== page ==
Attentive readers will note that this blog is primarily focused on dissecting and highlighting the political economy and social impact of what’s called ‘Artificial Intelligence’ and allied fields (such as supposedly autonomous robots).

Till now, crypto, in all its fetidness, has escaped comment on these virtual pages. Well, ‘needs must’ as the old saying goes: the increasingly loud chorus of people – some of whom are well-intentioned techies – either singing the praises of crypto, NFTs, web3 etc. or, offering a lukewarm response to the threat this poses of, ‘something good might happen’ compels me to put fingers to keyboard.

More precisely though, this thread on Twitter provided the framework for a proper response:

In contrast to Marco’s clear declaration, which reflects my own view, there was this thread, in which Anil Dash presented the idea that, even though there are lots of ‘bad people’ involved in the space, there are also good people and these good people are trying to carve out a good space (for, in this case, artists using NFTs):

One of the most common maladies of our age is a belief – more appropriate in children than adults – that the problem with societies is the presence of ‘bad people’ who, being bad, spend their time, like villians in a Bond movie, imagining bad things to do and not as a function or emergent property of the society itself that enables these bad people. Normally, I’d insert a bit about the materialist analysis of capitalism but I’ll let that go for a later post.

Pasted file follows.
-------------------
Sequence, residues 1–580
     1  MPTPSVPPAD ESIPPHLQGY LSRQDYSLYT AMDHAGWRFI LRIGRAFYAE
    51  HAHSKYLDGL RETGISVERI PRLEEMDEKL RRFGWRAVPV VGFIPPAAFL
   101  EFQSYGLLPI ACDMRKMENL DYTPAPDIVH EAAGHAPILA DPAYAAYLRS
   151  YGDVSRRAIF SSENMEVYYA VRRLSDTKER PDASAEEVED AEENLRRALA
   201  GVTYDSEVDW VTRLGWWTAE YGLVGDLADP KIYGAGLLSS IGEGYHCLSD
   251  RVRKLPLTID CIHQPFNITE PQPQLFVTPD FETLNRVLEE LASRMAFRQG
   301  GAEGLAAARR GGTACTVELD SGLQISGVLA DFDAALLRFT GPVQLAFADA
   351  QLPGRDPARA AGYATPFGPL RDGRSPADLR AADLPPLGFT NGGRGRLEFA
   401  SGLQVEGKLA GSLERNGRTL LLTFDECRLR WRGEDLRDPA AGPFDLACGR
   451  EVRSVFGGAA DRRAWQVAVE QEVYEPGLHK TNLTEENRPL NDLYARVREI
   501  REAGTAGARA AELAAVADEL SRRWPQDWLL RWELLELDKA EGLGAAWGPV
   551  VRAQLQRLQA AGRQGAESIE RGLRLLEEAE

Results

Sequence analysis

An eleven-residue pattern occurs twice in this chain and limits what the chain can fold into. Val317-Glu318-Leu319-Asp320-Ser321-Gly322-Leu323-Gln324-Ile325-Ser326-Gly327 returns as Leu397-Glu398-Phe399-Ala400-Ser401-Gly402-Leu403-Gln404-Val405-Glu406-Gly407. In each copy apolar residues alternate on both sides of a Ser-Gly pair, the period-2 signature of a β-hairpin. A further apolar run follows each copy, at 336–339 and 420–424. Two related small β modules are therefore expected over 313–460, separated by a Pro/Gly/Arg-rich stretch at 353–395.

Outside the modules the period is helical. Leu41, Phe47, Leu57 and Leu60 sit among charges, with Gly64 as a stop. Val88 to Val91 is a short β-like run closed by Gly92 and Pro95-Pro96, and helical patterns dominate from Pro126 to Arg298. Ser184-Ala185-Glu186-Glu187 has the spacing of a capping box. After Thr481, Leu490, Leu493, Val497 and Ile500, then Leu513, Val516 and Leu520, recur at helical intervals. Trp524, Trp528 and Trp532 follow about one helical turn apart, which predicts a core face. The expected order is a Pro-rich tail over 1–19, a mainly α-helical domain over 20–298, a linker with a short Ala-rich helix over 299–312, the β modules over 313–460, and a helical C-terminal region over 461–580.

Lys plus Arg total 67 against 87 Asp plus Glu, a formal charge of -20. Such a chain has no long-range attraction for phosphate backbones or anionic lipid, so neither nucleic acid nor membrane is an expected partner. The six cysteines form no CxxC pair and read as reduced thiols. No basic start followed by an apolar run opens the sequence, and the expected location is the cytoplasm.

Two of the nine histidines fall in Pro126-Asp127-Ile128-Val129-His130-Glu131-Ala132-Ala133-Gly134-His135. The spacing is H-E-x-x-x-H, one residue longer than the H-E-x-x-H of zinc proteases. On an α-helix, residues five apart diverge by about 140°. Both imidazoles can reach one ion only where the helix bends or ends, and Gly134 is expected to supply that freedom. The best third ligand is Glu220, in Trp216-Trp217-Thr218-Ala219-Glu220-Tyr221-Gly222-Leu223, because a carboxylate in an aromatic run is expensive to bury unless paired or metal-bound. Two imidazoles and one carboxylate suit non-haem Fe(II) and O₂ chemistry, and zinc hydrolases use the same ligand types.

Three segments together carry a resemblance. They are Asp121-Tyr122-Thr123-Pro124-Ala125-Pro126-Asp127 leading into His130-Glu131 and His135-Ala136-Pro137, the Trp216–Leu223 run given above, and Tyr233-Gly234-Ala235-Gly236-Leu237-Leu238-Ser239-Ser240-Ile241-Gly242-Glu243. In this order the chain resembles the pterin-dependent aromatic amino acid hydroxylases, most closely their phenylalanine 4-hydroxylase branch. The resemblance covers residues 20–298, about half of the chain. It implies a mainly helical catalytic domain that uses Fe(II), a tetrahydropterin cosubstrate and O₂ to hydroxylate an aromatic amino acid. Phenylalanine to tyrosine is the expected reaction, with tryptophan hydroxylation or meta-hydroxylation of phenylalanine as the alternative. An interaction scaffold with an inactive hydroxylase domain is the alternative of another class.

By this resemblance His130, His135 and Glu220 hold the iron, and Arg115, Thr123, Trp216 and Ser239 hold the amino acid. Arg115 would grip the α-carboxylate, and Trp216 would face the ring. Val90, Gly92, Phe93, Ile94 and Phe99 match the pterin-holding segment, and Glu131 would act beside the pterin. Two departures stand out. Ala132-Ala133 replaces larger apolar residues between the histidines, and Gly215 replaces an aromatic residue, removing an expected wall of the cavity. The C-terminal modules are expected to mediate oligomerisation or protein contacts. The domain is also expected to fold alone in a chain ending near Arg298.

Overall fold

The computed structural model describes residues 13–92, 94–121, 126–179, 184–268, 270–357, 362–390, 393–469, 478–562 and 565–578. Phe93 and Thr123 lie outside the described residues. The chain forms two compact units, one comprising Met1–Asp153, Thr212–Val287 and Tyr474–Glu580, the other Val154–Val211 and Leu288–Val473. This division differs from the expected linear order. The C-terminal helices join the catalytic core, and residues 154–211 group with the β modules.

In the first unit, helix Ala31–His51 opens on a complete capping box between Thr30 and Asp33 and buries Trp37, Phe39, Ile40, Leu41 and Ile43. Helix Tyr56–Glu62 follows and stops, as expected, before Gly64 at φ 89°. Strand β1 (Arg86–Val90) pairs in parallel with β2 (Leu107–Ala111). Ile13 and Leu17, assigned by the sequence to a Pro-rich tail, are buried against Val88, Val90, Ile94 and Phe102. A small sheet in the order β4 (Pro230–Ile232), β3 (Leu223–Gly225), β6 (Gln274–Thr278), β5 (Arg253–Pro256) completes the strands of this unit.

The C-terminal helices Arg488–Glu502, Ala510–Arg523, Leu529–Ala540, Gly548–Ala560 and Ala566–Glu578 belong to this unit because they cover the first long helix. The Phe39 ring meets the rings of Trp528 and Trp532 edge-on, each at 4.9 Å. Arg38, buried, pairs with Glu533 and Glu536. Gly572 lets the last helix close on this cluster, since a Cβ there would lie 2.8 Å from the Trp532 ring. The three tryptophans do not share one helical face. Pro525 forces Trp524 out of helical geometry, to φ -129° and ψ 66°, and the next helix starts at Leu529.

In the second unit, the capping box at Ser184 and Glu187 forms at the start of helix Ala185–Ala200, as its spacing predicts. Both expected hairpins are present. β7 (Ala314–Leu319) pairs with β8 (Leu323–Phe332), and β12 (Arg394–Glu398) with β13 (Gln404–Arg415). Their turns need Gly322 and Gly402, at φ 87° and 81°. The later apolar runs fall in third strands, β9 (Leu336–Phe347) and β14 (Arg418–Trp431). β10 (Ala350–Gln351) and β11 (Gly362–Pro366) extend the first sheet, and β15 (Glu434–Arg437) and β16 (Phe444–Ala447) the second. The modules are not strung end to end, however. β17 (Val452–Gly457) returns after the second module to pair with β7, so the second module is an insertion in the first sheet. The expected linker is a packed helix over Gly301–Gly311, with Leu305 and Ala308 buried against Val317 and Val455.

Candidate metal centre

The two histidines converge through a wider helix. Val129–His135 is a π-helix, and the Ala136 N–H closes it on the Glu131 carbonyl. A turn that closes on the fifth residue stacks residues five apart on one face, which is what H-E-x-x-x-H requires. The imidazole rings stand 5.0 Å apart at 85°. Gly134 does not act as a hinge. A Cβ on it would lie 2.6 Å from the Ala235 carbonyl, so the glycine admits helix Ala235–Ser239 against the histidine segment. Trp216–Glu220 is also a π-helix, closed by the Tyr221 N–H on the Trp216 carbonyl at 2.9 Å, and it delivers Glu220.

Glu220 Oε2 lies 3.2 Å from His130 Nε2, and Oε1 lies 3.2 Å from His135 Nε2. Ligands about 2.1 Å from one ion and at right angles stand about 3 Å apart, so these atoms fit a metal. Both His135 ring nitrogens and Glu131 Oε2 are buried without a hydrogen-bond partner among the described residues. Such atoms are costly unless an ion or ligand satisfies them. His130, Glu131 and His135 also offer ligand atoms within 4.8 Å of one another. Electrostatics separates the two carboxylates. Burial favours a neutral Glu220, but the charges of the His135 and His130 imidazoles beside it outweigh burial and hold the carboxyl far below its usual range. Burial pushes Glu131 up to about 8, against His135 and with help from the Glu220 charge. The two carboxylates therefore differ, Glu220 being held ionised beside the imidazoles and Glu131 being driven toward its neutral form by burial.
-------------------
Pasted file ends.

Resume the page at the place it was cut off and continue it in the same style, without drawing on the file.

There’s a wealth of evidence that the entire point of the crypto space is the realization of libertarian fantasies – the removal of constraints that protect those who’re considered weak or foolish (no need for deposit guarantees, now there are smart contracts!).

The presence of people with good intentions in this space (whether as software developers, activists or what have you) only serves to provide visual cover for the grift; indeed, this is how grifts function: earnest people are required. You, an earnest person hoping to do good things, suppress your knowledge of all the problems – the fundamental, baked into the cake problems – thinking that your niceness is a tactic for change.

This is an abdication of, as Hannah Arendt put it, your duty to think.

It’s time for us to abandon niceness for a solid and consistent application of principle, openly state who our adversaries are and vigorously resist their propaganda.

The first step is to stop fooling ourselves that our niceness is a tactic.